Is it legal to advertise sale items that aren't in stock?
Q. Sears advertised a Tivoli Audio iSongBook for $49.99. I was the first person to enter the store in Peabody on the first day of the sale. No Tivolis. I was told a truck shipment was due Tuesday and to come back. At the same time, I tried to purchase one online and was told 10 were being delivered to the Tewksbury store. I had a friend go to Tewksbury and there were no Tivolis. I went back to my Sears - again, no Tivolis - and no idea when or if they were coming. Sears' online personal shopper service could not locate any. I returned to Sears on Thursday, hoping at least to get a rain check, and they wouldn't give me one.
Isn't it illegal for a company to advertise items on sale that they don't have in stock and have no ability to order?
A. When a product is advertised, particularly at a deeply discounted price, it would be good form to have the product available for purchase. Generally, the law requires such form.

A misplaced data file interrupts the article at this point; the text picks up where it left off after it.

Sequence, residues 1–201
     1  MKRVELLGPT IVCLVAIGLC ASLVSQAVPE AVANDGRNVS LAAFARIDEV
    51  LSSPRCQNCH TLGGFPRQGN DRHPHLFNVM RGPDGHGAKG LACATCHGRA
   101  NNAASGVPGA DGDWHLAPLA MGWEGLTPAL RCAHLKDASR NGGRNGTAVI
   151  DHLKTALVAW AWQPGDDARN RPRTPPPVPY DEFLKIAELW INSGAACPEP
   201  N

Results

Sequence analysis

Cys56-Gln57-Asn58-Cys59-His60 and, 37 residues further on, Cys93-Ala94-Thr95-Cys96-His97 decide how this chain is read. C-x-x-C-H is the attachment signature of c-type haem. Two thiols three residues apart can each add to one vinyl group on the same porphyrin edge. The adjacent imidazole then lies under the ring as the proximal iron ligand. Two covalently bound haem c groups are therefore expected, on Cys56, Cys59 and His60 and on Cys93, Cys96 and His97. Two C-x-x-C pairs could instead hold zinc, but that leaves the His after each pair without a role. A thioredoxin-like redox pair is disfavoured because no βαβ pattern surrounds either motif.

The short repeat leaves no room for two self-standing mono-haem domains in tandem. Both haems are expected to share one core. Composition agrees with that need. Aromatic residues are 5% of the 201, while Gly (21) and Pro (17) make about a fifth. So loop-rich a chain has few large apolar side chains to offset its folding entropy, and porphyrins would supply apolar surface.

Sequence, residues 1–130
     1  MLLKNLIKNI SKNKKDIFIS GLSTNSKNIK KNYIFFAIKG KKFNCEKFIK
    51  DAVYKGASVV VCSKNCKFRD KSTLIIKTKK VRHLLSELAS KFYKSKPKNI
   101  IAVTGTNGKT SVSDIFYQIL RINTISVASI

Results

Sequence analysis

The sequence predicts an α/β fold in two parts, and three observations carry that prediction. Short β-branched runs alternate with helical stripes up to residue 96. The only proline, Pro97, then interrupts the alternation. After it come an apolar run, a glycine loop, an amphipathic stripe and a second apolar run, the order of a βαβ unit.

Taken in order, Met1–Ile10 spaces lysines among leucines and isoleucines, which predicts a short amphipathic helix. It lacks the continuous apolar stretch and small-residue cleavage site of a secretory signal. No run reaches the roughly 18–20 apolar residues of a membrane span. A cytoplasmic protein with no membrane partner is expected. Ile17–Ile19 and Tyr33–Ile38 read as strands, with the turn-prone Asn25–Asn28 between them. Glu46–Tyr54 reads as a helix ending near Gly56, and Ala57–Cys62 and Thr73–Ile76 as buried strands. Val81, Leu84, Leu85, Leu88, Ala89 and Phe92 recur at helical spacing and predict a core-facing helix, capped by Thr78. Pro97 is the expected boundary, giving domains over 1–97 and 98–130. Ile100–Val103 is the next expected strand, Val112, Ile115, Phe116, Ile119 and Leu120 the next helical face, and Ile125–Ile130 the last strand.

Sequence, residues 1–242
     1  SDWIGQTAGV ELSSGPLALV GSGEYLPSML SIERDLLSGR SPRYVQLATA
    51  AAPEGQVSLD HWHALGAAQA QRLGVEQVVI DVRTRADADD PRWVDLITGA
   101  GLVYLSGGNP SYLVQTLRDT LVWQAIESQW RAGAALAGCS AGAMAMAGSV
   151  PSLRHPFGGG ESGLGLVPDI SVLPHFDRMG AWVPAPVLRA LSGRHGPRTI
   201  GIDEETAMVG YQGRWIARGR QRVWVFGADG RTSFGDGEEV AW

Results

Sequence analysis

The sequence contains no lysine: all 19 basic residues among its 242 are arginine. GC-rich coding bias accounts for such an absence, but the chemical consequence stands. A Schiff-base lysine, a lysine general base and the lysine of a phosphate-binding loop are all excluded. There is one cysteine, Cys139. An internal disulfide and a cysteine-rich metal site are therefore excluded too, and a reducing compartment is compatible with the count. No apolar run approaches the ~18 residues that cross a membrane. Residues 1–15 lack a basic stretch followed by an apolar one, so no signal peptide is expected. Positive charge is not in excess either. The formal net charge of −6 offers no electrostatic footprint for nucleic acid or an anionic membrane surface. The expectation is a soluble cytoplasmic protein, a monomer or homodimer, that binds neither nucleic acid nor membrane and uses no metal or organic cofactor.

But when the ad reads "while quantities last" as the Sears flier did, all bets are off. Good practice? No. Legal? Yes. Not only does it get Sears off the hook for not having the item in stock, it also allows them to deny rain checks. It's amazing what a disclaimer can do.
For its part, Sears made nice to the question writer, but didn't extend its goodwill beyond that.
"This situation was not a result of anything Ms. Smith did or didn't do," a Sears spokesman said. "While the ad for the Tivoli iSongbook indicated a sale price of $49.99 (discounted from $159.99), and stated 'while quantities last,' some of our stores sold out of the product before the ad was released. To resolve this situation for Ms. Smith, we located a Tivoli iSongbook at one of our stores in Cambridge, Mass., and have shipped it directly to her - for the advertised sale price of $49.99. Sears apologizes for the confusion and inconvenience caused to Ms. Smith."
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